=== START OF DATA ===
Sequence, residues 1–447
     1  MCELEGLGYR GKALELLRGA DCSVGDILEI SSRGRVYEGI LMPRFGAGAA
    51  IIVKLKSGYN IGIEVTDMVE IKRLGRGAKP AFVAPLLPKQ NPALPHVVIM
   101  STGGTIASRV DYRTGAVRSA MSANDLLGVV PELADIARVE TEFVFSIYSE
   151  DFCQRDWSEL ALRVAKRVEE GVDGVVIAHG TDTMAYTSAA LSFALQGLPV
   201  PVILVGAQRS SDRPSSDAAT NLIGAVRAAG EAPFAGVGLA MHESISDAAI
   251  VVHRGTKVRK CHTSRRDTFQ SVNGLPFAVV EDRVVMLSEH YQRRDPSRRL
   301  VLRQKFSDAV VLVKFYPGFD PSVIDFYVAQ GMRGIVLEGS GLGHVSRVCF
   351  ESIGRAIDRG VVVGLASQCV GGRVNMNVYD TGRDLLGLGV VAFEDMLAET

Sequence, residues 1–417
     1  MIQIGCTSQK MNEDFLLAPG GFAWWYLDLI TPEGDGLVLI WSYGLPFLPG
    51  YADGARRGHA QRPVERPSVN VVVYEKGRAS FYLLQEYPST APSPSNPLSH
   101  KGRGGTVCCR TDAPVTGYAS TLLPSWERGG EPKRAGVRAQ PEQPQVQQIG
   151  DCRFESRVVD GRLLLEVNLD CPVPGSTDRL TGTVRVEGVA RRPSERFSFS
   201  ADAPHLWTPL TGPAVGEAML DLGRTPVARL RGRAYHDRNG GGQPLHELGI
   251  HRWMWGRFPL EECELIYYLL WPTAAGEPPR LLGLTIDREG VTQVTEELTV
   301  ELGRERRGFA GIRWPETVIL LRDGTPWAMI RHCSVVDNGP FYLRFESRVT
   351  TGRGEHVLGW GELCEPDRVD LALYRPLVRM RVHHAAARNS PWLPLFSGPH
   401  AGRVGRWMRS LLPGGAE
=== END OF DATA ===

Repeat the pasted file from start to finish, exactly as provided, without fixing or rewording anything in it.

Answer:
Sequence, residues 1–447
     1  MCELEGLGYR GKALELLRGA DCSVGDILEI SSRGRVYEGI LMPRFGAGAA
    51  IIVKLKSGYN IGIEVTDMVE IKRLGRGAKP AFVAPLLPKQ NPALPHVVIM
   101  STGGTIASRV DYRTGAVRSA MSANDLLGVV PELADIARVE TEFVFSIYSE
   151  DFCQRDWSEL ALRVAKRVEE GVDGVVIAHG TDTMAYTSAA LSFALQGLPV
   201  PVILVGAQRS SDRPSSDAAT NLIGAVRAAG EAPFAGVGLA MHESISDAAI
   251  VVHRGTKVRK CHTSRRDTFQ SVNGLPFAVV EDRVVMLSEH YQRRDPSRRL
   301  VLRQKFSDAV VLVKFYPGFD PSVIDFYVAQ GMRGIVLEGS GLGHVSRVCF
   351  ESIGRAIDRG VVVGLASQCV GGRVNMNVYD TGRDLLGLGV VAFEDMLAET

Sequence, residues 1–417
     1  MIQIGCTSQK MNEDFLLAPG GFAWWYLDLI TPEGDGLVLI WSYGLPFLPG
    51  YADGARRGHA QRPVERPSVN VVVYEKGRAS FYLLQEYPST APSPSNPLSH
   101  KGRGGTVCCR TDAPVTGYAS TLLPSWERGG EPKRAGVRAQ PEQPQVQQIG
   151  DCRFESRVVD GRLLLEVNLD CPVPGSTDRL TGTVRVEGVA RRPSERFSFS
   201  ADAPHLWTPL TGPAVGEAML DLGRTPVARL RGRAYHDRNG GGQPLHELGI
   251  HRWMWGRFPL EECELIYYLL WPTAAGEPPR LLGLTIDREG VTQVTEELTV
   301  ELGRERRGFA GIRWPETVIL LRDGTPWAMI RHCSVVDNGP FYLRFESRVT
   351  TGRGEHVLGW GELCEPDRVD LALYRPLVRM RVHHAAARNS PWLPLFSGPH
   401  AGRVGRWMRS LLPGGAE